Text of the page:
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Law Enforcement Shift Schedules: Results of a 2009 Random National Survey of Police Agencies

Karen L. Amendola Meghan G. Slipka Edwin E. Hamilton Michael Soelberg

Washington, DC

The Police Foundation is a national, nonpartisan, nonprofit organization dedicated to supporting innovation and improvement in policing Established in 1970, the foundation has conducted seminal research in police behavior, policy, and procedure, and works to transfer to local agencies the best new information about practices for dealing effectively with a range of important police operational and administrative concerns. Motivating all of the foundations efforts is the goal of efficient, humane policing that operates within the framework of democratic principles and the highest ideals of the nation. 2009 by the Police Foundation. All rights, including translation into other languages, reserved under the Universal Copyright Convention, the Berne Convention for the Protection of Literary and Artistic Works, and the International and Pan American Copyright Conventions. For information about using Police Foundation copyrighted material, please visit www.policefoundation.org/docs/copyright.html.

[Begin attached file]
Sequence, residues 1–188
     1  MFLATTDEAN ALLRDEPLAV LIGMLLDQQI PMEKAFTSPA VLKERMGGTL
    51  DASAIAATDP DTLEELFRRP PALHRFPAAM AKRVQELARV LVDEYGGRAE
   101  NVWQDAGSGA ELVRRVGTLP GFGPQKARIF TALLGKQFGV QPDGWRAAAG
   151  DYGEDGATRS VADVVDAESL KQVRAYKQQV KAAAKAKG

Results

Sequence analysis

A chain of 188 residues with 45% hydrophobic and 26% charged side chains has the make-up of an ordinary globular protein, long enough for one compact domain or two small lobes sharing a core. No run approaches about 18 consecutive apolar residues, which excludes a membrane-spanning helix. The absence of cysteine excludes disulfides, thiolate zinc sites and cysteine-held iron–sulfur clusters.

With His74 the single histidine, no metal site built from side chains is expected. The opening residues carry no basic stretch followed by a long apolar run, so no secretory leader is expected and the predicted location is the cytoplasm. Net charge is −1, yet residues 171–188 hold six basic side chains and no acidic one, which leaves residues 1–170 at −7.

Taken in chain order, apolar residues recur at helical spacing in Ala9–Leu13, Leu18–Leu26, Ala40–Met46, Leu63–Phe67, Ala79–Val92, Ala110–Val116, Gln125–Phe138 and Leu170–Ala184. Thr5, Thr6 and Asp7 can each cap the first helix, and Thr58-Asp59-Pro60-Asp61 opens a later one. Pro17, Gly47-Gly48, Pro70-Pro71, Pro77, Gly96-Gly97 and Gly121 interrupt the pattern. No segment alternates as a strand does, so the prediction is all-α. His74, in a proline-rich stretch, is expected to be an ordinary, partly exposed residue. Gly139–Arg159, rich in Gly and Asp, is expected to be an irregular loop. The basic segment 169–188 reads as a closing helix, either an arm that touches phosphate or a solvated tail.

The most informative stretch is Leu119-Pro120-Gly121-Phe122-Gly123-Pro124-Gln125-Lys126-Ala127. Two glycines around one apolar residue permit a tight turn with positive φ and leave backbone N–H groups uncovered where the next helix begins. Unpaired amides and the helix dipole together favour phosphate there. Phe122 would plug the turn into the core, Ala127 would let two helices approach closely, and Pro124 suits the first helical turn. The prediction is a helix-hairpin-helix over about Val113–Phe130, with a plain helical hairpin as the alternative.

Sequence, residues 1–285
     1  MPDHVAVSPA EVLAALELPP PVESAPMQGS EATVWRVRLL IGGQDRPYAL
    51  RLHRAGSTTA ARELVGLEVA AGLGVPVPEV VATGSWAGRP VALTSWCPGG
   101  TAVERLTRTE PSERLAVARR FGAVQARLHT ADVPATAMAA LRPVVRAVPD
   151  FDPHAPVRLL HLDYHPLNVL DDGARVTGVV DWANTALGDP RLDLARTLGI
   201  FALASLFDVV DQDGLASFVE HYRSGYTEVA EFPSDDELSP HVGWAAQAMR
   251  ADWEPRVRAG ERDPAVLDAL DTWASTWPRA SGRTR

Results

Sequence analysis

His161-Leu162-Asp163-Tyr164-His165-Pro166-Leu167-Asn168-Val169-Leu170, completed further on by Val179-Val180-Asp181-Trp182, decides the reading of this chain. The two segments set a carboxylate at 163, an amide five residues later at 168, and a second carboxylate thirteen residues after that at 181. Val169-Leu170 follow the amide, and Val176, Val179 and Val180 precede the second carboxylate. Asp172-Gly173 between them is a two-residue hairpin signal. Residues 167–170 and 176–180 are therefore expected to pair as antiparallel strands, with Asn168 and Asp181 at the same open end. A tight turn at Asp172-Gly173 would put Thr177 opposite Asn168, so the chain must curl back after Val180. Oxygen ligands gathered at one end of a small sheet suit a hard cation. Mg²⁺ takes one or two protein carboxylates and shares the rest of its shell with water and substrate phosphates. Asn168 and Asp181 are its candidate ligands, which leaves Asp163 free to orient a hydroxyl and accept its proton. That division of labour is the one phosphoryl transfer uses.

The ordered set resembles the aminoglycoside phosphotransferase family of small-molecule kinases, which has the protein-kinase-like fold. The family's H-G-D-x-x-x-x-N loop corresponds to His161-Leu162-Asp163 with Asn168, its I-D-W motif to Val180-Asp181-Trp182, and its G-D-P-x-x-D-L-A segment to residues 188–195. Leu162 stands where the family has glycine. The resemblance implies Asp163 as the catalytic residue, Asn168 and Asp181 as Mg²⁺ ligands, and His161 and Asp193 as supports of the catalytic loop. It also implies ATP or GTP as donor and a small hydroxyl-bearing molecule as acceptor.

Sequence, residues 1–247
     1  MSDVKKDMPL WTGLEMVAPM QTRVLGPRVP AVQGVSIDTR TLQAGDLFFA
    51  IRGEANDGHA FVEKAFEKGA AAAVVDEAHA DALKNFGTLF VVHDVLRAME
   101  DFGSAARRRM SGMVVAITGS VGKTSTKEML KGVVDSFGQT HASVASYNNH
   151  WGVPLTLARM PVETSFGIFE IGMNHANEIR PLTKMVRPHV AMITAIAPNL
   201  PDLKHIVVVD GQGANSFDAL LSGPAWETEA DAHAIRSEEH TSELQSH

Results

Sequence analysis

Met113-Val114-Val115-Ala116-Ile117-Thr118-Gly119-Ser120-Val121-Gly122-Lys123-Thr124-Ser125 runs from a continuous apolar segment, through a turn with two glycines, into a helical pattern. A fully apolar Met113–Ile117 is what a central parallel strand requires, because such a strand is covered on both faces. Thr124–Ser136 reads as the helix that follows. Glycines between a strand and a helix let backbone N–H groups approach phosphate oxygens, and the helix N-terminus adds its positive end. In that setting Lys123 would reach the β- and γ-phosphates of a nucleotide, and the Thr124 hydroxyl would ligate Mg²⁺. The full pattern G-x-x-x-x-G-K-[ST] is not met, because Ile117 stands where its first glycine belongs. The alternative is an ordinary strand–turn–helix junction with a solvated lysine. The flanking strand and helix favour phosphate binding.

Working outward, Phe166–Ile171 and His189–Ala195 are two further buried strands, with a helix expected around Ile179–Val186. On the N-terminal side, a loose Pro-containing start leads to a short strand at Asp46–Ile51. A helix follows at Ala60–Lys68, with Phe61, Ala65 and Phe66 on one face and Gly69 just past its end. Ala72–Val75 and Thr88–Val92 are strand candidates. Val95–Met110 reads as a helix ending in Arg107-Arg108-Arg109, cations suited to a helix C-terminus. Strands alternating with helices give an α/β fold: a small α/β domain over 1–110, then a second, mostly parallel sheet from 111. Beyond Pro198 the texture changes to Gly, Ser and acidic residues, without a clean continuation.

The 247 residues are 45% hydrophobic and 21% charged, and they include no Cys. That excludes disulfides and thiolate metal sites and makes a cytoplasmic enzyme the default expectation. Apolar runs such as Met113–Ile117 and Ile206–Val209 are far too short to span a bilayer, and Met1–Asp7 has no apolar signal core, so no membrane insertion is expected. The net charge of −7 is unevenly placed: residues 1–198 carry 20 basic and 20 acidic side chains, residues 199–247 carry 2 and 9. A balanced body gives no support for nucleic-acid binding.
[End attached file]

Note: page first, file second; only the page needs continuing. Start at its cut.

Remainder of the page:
November 2011 Police Foundation 1201 Connecticut Avenue, NW Washington, DC 20036-2636 (202) 833-1460 (202) 659-9149 fax E-mail: pfinfo@policefoundation.org www.policefoundation.org

This project was supported in part by award 2005-FS-BX-0057 from the National Institute of Justice, Office of Justice Programs, U.S. Department of Justice. Points of view or opinions contained in this document are those of the authors and do not necessarily represent the official position or policies of the U.S. Department of Justice.

This report and others from the Police Foundation shift length experiment are available at www.policefoundation.org/shiftexperiment/.